MAKING A DIFFERENCE IN A WACKY WORLD
(Message I gave at Mountainview International Church Madrid from the book of Daniel)
I was in Barcelona this past week to meet with Christian Associate’s staffers Justin and Jen Powell and to look at some property for a friend of mine who is thinking of a business venture in that city. While driving along the waterfront I was surprised to see a man walking without any clothes. He was a “nude dude.” I couldn’t help thinking what a wacky world we live in. Does anyone else feel that way? The Middle East is on fire, oil prices are skyrocketing, the global economy is struggling, the Western world has become more and more “post-Christian.” So often our entire world seems to be irrational, crazy, and wacky.
Maybe life’s wackiness is closer to home for you. You may be without a job, or troubled by the job you are in. You may be a relationship that is wacky or your finances are upside down. Can we make a difference in such a world?
DANIEL’S WACKY WORLD
Daniel found himself in that kind of world. Daniel’s home country Judah was conquered by the Babylonians in 605 B.C.—and Daniel was among those taken captive. He was young, perhaps twelve, thirteen or fourteen years of age. He was forced live in another culture, learn another language, and serve the very people who conquered his country and took him captive. Could Daniel make a difference in such a situation? One way to find out is to ask the question, “Will Nebuchadnezzar be in heaven?” And, “If so, why so?”
Nebuchadnezzar was an autocratic, fierce, brutal and egoistic ruler. 2King 24-25 tells of Nebuchadnezzar installation of Zedekiah as a puppet king of Judah. In the ninth year of Zedekiah’s reign, he rebelled against Babylonian rule, so Nebuchadnezzar besieged Jerusalem, re-conquered the city and captured Zedekiah and his family. Zedekiah’s sons were executed before Zedekiah, before his own eyes were put out and he was carried back to Babylon.
NEBUCHADNEZZAR THE NON-BELIEVER
Nebuchadnezzar was a pagan who believed in the Babylonia pantheon of gods. His name meant: “O god Nebu, preserve my firstborn.” Nebu was the Babylonian deity of wisdom, son of the god Marduk, the head of the Babylonian pantheon of gods. Thus, Nebuchadnezzar did not believe in the God of Israel. As a ruthless, autocratic ruler who believed in the Babylonian gods, he was the least likely person to expect Daniel could influence for the God of Israel. Do you know anyone like that? Perhaps you’ve thought, “That person would never be interested in knowing Jesus.” That person is the least likely person I know to ever come to follow Jesus.
In Daniel chapter one we read that Daniel is forced to serve in Nebuchadnezzar’s service. Could he make a difference in that world? Could he make a difference in Nebuchadnezzar’s life? The next few chapters tell the amazing story of the transformation of Nebuchadnezzar.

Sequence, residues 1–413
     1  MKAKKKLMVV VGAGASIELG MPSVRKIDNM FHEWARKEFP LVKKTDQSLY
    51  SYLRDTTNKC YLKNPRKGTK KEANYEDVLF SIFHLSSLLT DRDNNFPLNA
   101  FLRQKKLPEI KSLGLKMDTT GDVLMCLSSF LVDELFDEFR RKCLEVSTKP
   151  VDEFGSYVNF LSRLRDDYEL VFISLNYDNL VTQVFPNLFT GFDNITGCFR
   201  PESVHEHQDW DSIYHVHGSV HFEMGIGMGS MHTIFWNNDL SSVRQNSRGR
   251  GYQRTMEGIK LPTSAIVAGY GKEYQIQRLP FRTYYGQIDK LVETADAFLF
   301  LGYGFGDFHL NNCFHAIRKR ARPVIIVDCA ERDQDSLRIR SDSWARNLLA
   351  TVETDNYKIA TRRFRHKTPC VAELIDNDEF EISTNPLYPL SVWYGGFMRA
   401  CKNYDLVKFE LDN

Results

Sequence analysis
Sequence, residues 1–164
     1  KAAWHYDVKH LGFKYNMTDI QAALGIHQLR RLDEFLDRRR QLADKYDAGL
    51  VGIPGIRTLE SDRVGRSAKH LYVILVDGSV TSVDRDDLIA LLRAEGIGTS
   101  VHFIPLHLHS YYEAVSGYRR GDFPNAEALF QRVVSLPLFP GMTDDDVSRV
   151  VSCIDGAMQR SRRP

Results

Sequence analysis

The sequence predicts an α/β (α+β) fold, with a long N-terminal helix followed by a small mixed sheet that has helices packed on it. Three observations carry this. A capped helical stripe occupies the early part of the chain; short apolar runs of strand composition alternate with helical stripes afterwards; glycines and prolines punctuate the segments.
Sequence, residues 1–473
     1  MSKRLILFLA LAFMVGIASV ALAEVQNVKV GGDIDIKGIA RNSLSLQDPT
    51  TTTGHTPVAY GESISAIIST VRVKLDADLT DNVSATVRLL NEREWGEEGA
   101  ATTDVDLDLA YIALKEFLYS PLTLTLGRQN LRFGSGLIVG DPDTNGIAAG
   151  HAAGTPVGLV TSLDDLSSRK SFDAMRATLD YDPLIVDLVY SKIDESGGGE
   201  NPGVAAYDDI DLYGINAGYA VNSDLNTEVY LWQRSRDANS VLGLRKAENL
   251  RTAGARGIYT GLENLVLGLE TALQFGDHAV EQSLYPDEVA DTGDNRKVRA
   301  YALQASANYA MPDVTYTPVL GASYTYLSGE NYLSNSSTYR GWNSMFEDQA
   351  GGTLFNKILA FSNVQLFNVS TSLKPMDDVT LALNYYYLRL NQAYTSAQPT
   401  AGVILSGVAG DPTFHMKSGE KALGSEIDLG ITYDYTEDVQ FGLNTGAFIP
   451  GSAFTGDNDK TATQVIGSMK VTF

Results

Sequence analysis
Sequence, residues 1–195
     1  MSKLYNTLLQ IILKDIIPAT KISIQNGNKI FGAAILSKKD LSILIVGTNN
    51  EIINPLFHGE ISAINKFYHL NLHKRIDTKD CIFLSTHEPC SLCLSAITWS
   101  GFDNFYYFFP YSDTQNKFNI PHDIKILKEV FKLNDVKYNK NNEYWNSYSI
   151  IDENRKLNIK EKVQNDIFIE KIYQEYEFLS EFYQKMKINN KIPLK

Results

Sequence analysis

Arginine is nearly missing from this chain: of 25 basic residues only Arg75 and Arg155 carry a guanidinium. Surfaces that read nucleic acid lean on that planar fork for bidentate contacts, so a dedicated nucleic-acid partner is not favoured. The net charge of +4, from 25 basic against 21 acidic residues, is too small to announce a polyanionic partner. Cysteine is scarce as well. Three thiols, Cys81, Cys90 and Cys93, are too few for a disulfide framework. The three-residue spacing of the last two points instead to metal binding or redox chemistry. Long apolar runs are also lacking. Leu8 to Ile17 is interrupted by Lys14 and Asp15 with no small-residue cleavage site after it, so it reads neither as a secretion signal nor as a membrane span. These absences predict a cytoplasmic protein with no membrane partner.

NEBUCHADNEZZAR THE “NOTIONAL” BELIEVER
In Daniel chapter 2, Nebuchadnezzar has a dream. He demanded that his wise men, magicians, sorcerers and astrologers not only interpret the dream, but also tell him what the dream was. The penalty for failing to do so was death. The response of those Nebuchadnezzar demanded this of was,
“What the king asks is too difficult. No one can reveal it to the king except the gods, and they do not live among men” (Daniel 2:11).
Daniel received word of the king’s demand and asked his friends, Shadrach, Meshach, and Abednego, to plead to God for mercy. During the night God revealed the dream to Daniel. Upon presenting the dream and the interpretation to Nebuchadnezzar, the king replied, “Surely your God is the God of gods and the Lord of kings and a revealer of mysteries, for you were able to reveal this mystery’” (Daniel 2:47). Nebuchadnezzar was impressed that “God reveals.” Thus, he became a kind of “notional believer.” He had a notion of God. He added Daniel’s god to his pantheon of gods in some vague cognitive way. But to Nebuchadnezzar, God was just one of many gods, however amazing He might be. He could reveal but He was distant.
NEBUCHADNEZZAR THE “NOMINAL” BELIEVER
Daniel chapter three tells the story of Nebuchadnezzar’s effort to unify his nation around a common integrating point—him. He erected a 90×9 foot (30×3 meter) gold statue of himself and demanded that his subjects fall down and worship it. Daniel doesn’t appear in this chapter, likely because he is on some official mission and isn’t present. Daniel’s three Jewish friends, Shadrach, Meshach and Abednego, however, are there and they refuse to bow down to the statue as commanded. When confronted and threatened by Nebuchadnezzar, they reply,
“O Nebuchadnezzar, we do not need to defend ourselves before you in this matter. If we are thrown into the blazing furnace, the God we serve is able to save us from it, and he will rescue us from your hand, O king. But even if he does not, we want you to know, O king, that we will not serve your gods or worship the image of gold you have set up.” (Daniel 3:17-18)
Furious, Nebuchadnezzar orders that they be bound and thrown into a fiery furnace. Expecting them to be incinerated, he sees them walking in the midst of the fire unbound, unharmed and unsinged. He also sees a fourth man walking around in the fire with them. This fourth man appears “like a son of the gods” (Daniel 3:25). Nebuchadnezzar calls them forth and exclaims,
“Praise be to the God of Shadrach, Meshach and Abednego, who has sent his angel and rescued his servants! They trusted in him and defied the king’s command and were willing to give up their lives rather than serve or worship any god except their own God” (Daniel 3:28).